Budgeting for the big stuff

Managing your money well can be the difference between having fun and having none. Here’s how…
Young girl stands outside in the sunshine holding her takeaway coffee cup

We get it: saving money and managing your budget might not sound like much fun. But having a plan for your spending will help you afford the lifestyle you want in the future, whether that’s moving into your own place, getting a car, heading to uni or a sun-filled weekend with your mates in Barcelona. Here are five easy money management tips to help you take control today…

1. Suss out where you stand

Work out how much money you have coming in each week or month – any earnings, pocket money, loans etc. Don’t include any money you have in savings – that’s what you’re hoping to add to! You could do this with pen and paper, on a computer or even with a budgeting spreadsheet like this one from Save the Student, or a free app like Mint. If you bank with NatWest, use the handy Savings Goal Tool in the app.

2. List the lot

Next, write a list of all of the things you spend money on each week or month. Be thorough – everything counts, from bus fares to snacks, days out with your mates, petrol, phone bills – the lot.

3. Mark up the essentials

Go through your list of expenses (what you spend) and mark everything you need – that’s the absolute essentials like food, bus fare, rent – in one colour. Add up how much that comes to and make a note of it. That’s your essential spend.

Should I, can I, will I?

Lusting after a new video game, the latest must-have accessory or an iPhone upgrade? Before you drop your cash, sense-check your spending:

Should I be spending this much on something I want but don’t really need?

Can I afford it without impacting my other lifestyle and saving plans?

Will I have to go without other things because I bought this?

Savings ninja

Struggle to keep within your spending limits after pay day? Go stealth and set up a standing order (a regular payment) that automatically moves some of your wages into your savings account the day you’re paid. If you don’t see it in your current account you’re less likely to accidentally spend it on that must-have jacket…

A person wearing trainers and carrying shopping bags standing on an escalator

4. Make a saving plan

Take a look at the things not marked in that colour. These are your non-essential spends – the milkshake when you’re out with your mates, the new top, the gig tickets. Have a think about which of these you could go without, or swap for a cheaper option, and how much you could put into your savings if you did. The magic ratio to aim for is 50, 30, 20:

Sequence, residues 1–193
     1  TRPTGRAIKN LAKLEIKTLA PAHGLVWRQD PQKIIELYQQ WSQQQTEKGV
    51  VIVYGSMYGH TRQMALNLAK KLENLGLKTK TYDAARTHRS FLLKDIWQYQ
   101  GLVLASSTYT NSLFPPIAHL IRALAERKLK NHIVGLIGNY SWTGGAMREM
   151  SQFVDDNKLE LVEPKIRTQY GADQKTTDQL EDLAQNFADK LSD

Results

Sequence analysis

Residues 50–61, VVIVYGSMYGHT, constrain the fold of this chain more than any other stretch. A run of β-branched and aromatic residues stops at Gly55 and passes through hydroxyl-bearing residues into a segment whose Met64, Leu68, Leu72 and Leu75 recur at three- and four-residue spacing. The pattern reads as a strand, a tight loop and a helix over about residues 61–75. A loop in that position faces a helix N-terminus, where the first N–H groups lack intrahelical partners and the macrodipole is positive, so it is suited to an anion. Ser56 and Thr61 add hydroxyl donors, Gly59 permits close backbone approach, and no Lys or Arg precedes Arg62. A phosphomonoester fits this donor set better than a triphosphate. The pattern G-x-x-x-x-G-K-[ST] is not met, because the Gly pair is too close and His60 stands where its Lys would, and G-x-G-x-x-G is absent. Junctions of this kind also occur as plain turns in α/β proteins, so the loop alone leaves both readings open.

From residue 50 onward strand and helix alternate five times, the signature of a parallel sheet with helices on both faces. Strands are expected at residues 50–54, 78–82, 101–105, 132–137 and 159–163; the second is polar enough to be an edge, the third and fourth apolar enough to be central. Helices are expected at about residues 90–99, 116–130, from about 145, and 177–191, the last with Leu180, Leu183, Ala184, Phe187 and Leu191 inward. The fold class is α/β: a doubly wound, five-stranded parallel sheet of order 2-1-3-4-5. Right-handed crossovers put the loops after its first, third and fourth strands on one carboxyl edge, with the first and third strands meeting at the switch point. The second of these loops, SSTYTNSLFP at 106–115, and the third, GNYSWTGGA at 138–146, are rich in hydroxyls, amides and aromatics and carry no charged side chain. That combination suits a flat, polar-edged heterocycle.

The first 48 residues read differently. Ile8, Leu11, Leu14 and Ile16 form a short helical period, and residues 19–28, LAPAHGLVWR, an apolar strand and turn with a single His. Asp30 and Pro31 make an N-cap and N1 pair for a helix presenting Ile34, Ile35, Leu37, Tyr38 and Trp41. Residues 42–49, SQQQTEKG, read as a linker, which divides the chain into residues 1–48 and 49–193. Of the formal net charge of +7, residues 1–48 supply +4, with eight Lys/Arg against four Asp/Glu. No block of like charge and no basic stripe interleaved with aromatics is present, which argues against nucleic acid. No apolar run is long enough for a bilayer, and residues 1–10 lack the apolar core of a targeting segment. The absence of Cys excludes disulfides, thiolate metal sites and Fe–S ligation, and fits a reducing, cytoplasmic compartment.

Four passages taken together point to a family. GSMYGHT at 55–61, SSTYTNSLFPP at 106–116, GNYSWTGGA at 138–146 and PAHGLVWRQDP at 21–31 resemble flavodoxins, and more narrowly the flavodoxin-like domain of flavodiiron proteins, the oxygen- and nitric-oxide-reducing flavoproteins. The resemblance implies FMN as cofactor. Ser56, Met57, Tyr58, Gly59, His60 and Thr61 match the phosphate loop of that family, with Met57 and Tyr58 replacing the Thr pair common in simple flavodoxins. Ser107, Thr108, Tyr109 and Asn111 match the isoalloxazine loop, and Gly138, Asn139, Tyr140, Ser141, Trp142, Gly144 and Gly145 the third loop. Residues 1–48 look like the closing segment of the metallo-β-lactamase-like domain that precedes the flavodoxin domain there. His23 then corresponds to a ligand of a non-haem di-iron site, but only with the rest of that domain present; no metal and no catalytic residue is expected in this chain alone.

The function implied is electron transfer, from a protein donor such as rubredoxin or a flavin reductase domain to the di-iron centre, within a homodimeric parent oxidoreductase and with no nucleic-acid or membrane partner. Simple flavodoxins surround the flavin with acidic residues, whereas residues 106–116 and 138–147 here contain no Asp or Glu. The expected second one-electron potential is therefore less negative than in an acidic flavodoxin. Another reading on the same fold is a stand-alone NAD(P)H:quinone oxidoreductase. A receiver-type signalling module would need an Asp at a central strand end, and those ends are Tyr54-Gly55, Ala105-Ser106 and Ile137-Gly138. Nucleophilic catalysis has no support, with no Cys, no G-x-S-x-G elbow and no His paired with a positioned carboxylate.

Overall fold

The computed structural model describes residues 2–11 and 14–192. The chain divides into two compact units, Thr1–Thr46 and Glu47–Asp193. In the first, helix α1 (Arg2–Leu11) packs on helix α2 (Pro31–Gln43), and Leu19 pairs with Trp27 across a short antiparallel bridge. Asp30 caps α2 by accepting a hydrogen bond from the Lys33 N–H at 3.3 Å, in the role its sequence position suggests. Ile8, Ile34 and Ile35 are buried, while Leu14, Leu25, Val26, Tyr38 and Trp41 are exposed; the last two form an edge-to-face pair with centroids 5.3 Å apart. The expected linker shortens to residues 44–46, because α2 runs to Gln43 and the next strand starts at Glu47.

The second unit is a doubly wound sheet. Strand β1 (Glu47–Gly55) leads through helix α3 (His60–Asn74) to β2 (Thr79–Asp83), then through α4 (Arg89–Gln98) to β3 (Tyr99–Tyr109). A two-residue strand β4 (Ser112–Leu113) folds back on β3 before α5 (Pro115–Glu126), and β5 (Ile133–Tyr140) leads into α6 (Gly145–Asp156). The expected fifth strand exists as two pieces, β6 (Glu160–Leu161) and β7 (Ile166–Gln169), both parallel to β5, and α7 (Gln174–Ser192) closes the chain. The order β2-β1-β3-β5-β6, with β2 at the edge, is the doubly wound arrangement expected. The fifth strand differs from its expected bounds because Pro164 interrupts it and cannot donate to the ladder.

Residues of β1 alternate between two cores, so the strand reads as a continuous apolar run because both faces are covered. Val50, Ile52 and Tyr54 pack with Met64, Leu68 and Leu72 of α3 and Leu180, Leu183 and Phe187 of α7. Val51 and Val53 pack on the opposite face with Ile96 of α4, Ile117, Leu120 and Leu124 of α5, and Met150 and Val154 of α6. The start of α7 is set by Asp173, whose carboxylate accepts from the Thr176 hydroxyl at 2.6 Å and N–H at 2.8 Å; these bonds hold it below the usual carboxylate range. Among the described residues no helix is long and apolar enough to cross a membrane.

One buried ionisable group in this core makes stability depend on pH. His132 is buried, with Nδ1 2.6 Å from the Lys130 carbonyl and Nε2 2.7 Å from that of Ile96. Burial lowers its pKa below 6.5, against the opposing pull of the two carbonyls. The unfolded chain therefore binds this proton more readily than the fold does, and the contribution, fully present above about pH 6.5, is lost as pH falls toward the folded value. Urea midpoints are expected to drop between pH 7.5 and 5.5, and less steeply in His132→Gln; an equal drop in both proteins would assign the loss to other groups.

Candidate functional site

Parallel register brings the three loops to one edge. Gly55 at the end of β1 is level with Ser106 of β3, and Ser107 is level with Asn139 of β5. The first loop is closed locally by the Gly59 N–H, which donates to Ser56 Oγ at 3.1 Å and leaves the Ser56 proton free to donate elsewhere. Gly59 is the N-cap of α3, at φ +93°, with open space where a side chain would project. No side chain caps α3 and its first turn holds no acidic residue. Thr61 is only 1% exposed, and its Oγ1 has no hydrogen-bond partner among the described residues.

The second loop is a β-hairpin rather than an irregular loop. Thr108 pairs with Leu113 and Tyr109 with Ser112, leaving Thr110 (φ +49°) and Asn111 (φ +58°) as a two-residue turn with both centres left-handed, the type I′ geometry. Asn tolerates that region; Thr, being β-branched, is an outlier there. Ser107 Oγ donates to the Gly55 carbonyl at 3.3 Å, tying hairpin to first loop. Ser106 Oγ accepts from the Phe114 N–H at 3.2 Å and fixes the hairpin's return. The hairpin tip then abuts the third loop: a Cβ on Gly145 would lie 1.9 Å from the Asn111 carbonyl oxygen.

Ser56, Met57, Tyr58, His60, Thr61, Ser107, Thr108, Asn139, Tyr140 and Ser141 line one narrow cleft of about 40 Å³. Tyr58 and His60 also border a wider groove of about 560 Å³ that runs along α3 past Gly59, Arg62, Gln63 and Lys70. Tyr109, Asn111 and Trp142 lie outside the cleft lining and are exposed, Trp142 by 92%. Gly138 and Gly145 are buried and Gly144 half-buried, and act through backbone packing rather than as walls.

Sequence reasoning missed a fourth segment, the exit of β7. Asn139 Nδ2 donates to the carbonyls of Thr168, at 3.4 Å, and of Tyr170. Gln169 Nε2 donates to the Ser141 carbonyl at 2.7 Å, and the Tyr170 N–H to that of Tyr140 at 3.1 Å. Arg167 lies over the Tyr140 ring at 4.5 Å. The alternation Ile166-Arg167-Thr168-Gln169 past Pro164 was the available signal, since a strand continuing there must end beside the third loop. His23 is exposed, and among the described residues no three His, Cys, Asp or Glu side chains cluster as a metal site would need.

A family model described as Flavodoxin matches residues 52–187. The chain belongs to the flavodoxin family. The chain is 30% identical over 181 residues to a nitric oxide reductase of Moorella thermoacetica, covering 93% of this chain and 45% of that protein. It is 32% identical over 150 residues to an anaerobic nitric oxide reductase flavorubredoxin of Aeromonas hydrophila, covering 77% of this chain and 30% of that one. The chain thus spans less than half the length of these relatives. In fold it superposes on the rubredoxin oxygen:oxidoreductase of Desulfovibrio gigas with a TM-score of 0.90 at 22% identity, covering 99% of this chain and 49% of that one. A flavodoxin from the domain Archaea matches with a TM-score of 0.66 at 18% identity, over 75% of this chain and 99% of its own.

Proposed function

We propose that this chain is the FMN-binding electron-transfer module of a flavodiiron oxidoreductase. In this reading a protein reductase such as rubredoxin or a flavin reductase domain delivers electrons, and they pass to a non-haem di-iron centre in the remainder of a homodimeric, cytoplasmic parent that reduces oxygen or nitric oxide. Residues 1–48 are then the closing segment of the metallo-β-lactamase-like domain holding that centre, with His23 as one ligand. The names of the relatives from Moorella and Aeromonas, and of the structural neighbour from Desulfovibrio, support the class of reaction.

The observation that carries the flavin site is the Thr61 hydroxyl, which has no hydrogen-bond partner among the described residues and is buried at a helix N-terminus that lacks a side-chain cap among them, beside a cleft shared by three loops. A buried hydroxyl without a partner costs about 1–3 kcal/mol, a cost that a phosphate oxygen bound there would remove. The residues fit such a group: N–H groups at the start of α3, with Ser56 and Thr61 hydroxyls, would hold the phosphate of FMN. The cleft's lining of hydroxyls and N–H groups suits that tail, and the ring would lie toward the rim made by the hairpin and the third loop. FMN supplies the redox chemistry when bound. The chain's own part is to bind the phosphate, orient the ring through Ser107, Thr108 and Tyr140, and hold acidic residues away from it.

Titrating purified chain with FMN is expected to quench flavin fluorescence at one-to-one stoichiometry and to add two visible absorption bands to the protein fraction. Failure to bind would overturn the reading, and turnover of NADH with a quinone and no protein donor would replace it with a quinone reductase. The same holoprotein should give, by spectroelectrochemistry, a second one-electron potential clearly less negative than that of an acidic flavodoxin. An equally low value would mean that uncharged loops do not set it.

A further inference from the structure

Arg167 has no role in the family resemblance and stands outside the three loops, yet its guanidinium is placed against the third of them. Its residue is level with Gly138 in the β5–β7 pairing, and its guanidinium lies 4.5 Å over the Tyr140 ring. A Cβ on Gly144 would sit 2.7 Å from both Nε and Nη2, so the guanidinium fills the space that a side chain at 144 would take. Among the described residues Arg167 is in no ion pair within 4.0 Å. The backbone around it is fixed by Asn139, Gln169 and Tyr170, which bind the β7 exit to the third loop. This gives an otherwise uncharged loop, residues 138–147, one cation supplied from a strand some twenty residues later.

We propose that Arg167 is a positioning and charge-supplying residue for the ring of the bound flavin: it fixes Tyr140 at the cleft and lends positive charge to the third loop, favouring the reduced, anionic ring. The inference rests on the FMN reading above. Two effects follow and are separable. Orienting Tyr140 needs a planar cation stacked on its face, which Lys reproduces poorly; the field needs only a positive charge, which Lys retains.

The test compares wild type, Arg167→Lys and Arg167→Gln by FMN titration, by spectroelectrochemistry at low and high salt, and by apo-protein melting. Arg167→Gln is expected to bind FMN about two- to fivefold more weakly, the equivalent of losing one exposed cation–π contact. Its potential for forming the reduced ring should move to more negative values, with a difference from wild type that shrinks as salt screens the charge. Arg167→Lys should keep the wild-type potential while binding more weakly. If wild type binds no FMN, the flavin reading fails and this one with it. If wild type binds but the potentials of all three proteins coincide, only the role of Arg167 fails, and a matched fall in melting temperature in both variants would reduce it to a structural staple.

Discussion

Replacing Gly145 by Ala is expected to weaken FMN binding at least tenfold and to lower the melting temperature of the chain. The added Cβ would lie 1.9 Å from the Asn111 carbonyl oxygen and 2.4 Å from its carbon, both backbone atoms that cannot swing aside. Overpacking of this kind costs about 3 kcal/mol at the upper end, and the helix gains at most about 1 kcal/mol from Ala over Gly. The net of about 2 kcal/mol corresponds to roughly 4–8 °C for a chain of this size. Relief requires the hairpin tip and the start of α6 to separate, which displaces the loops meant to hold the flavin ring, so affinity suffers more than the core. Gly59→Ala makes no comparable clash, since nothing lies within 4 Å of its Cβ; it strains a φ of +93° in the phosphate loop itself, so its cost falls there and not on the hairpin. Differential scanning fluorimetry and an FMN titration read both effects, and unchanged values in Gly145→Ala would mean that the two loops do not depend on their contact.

• 50% of your money should go on needs (the essential costs you can’t avoid)
  • 30% on wants – the fun stuff
  • 20% on savings or paying off debts

5. Keep on top of your spending

Once you have worked out how much you can save each month, keep track of your progress each day. Watch out for those small, non-essential costs as they creep in, and keep reminding yourself of your end goal. You’ll also need to adjust your budget when your income, or life costs, change – for instance, once you manage to buy that car, you’ll need to put some petrol in it. Tell your friends and family your plans, too, so they can help encourage you and sense-check your spending along the way.

Head shot of Clare Seal, founder of The Financial Wellbeing Forum

My budgeting tips:
Clare Seal, founder of
The Financial Wellbeing Forum

Clare Seal may have written two books about the art of budgeting, but she learnt everything she knows the hard way, having found herself in £27,000 worth of debt by the age of 30. Here are the three things she wishes she could tell her younger self about managing money:


“It’s not worth spending money you don’t have to ‘keep up’ with people, or to try and show you care. I spent a lot of my teenage years buying things to try and fit in. It cost me more than just money – it also impacted my sleep, my mental health and my relationships.”


“Don’t be afraid to talk to your bank. They’ll have dedicated teams to help make sure you understand your account and responsibilities, and there’s no such thing as a stupid question.”


“Don’t bury your head in the sand. Try not to see managing your money as a hassle, but as something that enables you to live the way you want to. It’s part of looking after yourself and making sure you’re well prepared for the future.”

Check out the accompanying video for this article and discover the five things you need to know about budgeting.


Image credits: Stocksy